Doug Moench didn't technically create Harvey Bullock, but he's the one writer most responsible for making the fat, slovenly, heart'a-gold pig cop one of Batman's most enduring supporting characters. Everything we associate with the character was originated by Moench.
It's hard to imagine that he was originally a corrupt toady trying to sabotage Jim Gordon on Mayor Hill's behalf," but thankfully, Gordon's own decency won over Bullock, and the two are now crime-fighting buddies! But even with that change of heart, Moench kept hinting that there may still have been more to Harvey Bullock than met the eye.
The story starts with Bullock being Bullock, being a generally boorish slob but an okay cop, breaking up a street fight between gang members in his typically-considerate manner:
Yeah, don't forget that guy, because he's not gonna forget Harvey.
Putting aside his uncalled-for dismissal of Liz Taylor (of whom I'm not a fan, but really, Harv, you're no one to talk), this reveal is delightful and surprising: Bullock is a slob who moonlights as a snob for a very specific passion.
Of course, this being DC Comics, even Bullock's happiness is short-lived, as the call is really just a distraction. When he arrives the station and deduces the truth, he runs (lumbers?) back home, knowing that he's already too late:
This punk really didn't think his plan through, did he? Even when Bullock tracks down the punk, the kid is still stupid enough to pick a fight, one that Bullock's all to ready to provide:
Heeee! I should be rolling my eyes at the increasingly heavy-handed references, but it's Bullock, so it's adorable and great. Too bad no writer since has included the film-buff aspect of Bullock, or else he could make a perfect nemesis for the Film Freak.
Fast-forward past the fight...
And in case there were any doubts of how relevant this issue was to a Two-Face blog, Moench hammers home the themes at the end. Even at the start, Bullock contentedly slides between his two lives, feeling none of Harvey Dent's internal conflict just so long as the lives remain orderly and separate. I would have liked to have known how Bullock would have reacted if his passions weren't destroyed, but rather exposed to his colleagues and enemies who only know him as "Bullock the Cop." Alas, we'll never know.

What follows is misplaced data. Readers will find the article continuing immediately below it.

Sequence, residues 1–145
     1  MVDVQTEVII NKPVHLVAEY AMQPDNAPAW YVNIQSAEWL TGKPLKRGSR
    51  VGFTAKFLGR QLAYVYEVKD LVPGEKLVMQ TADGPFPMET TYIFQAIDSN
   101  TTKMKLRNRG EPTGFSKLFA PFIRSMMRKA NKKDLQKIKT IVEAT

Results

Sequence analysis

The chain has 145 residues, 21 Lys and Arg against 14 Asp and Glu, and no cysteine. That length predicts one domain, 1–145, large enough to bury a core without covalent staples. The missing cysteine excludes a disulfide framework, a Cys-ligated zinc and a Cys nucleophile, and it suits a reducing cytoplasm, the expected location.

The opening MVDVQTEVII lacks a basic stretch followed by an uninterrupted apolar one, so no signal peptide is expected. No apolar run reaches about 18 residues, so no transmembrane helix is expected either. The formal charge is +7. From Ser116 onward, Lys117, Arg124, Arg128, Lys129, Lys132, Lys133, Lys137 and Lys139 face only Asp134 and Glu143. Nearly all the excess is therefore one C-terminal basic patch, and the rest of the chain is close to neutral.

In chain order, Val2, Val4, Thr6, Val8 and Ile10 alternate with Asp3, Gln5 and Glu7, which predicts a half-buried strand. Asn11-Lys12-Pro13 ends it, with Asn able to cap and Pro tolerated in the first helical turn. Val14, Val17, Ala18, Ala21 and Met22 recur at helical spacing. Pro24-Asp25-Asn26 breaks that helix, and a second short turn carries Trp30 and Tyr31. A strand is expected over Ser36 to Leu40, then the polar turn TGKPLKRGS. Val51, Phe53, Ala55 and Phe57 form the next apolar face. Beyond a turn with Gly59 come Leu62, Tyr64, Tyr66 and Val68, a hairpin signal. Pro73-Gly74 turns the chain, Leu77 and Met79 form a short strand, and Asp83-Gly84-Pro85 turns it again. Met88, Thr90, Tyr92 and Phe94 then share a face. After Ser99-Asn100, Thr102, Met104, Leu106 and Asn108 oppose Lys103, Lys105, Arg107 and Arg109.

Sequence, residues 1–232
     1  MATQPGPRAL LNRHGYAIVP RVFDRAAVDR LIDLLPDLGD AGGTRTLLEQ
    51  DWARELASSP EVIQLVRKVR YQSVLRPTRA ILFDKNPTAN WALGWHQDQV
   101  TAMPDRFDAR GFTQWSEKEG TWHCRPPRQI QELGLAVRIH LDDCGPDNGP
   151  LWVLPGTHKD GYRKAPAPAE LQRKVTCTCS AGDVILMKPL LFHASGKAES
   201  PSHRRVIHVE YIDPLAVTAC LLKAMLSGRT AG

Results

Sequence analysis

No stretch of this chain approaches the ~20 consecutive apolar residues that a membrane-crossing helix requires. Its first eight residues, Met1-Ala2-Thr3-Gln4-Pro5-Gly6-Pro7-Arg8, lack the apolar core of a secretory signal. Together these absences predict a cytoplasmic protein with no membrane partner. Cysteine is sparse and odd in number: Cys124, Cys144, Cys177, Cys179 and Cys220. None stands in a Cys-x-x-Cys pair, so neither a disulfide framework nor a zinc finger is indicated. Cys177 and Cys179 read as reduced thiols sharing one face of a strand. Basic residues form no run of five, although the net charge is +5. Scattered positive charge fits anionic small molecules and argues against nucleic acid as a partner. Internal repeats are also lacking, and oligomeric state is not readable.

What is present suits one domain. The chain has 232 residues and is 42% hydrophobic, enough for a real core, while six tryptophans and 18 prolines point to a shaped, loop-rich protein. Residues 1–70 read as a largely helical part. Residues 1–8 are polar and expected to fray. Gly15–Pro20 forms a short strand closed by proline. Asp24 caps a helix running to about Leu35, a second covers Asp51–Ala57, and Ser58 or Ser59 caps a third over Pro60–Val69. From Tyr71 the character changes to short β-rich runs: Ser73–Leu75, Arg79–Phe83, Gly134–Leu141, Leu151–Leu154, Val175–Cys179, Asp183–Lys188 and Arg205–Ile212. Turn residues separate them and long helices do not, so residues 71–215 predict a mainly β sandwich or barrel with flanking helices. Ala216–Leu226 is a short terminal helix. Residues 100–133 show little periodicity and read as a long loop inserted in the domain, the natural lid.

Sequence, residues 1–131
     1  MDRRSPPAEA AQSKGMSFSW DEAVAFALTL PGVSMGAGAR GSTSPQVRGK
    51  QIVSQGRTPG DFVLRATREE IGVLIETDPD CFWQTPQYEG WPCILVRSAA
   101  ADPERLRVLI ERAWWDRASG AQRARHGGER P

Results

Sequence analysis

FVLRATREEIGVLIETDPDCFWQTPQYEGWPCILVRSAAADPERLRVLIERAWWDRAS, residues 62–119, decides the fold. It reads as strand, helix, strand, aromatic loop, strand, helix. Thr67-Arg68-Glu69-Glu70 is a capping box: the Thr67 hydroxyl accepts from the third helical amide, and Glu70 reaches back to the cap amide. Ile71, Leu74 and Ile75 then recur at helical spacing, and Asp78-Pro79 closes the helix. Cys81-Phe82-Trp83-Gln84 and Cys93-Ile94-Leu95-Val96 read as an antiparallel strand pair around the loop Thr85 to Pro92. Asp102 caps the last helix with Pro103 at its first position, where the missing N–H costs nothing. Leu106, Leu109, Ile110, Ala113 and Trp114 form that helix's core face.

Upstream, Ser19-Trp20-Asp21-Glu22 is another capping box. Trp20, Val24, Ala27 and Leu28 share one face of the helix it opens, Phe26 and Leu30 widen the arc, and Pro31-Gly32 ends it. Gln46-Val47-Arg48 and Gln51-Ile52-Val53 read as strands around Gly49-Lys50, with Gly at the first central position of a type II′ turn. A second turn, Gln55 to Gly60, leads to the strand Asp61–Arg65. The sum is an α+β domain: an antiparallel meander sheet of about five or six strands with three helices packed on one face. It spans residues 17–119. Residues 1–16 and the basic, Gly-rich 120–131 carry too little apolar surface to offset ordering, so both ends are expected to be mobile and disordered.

Thing is, it's kind of unthinkable to imagine Bullock reaching out to a crook like this, especially one who committed such a personal violation. It kind of makes you wonder just how much this "profound change" stuck with Harv. Considering that the "passionate film-buff" aspect was mostly ignored by subsequent writers, this story now reads more like he's abandoned that side of himself and just gone to "Bullock the Cop" 24/7. Not a terrible thing, since Bullock's a wonderful character either way. But it still makes me wonder about how much potential is going wasted when it comes to ol' Harv.
There's a whole other subtext to this story too, which went over my head until I read this letter by the prolific "T.M. Maple" (whose letters seem to appear in every other issue of anything published during the 80's and early 90's), which starts in the middle column. Skip to the third paragraph:
I don't know Moench intended that subtext, but it gives the story a spin which actually makes the story matter to more than just the character of Bullock. I've always resented the collector mentality, believing that comics are something to be read and appreciated, not sealed in Mylar and hung on a wall. Or worse, shunted away in a box. There are exceptions, of course (I'd never use a copy of Action Comics #1 for casual toilet reading), but for the most part, I firmly believe that comics are meant to be opened up.
That said, the parallel doesn't entirely work with Harvey. As The Mighty Maple notes, comic collecting isn't the same as collecting stamps or coins, in that comics are actually interactive, and need that interaction to function as art. Bullock's movie poster collection is more like coins and stamps, and are perfectly suited to being framed and preserved, so long as they're not hidden away in boxes somewhere. Harv was appreciating these posters and the memories they invoked to their fullest extent.
What they do have in common is the fact that all of these paper-based collectibles have a limited lifespan, and that collectors who invest so much personal passion into them can lose perspective if anything should damage or destroy their beloved items. Is this a cautionary lesson for Bullock and other fanboys to not get too attached?
If so, I think that's fine, so long as he doesn't give up on his passion entirely. I hate stories like The 40 Year Old Virgin which treat fan collection and passion as something that needs to be grown out of, and that holding onto those items somehow stagnates a person's development. All the more reason why I want to see a callback to Bullock's film-buff passion in a new story. They can destroy your memorabilia, but no one can destroy your passion. No one, that is, except you yourself.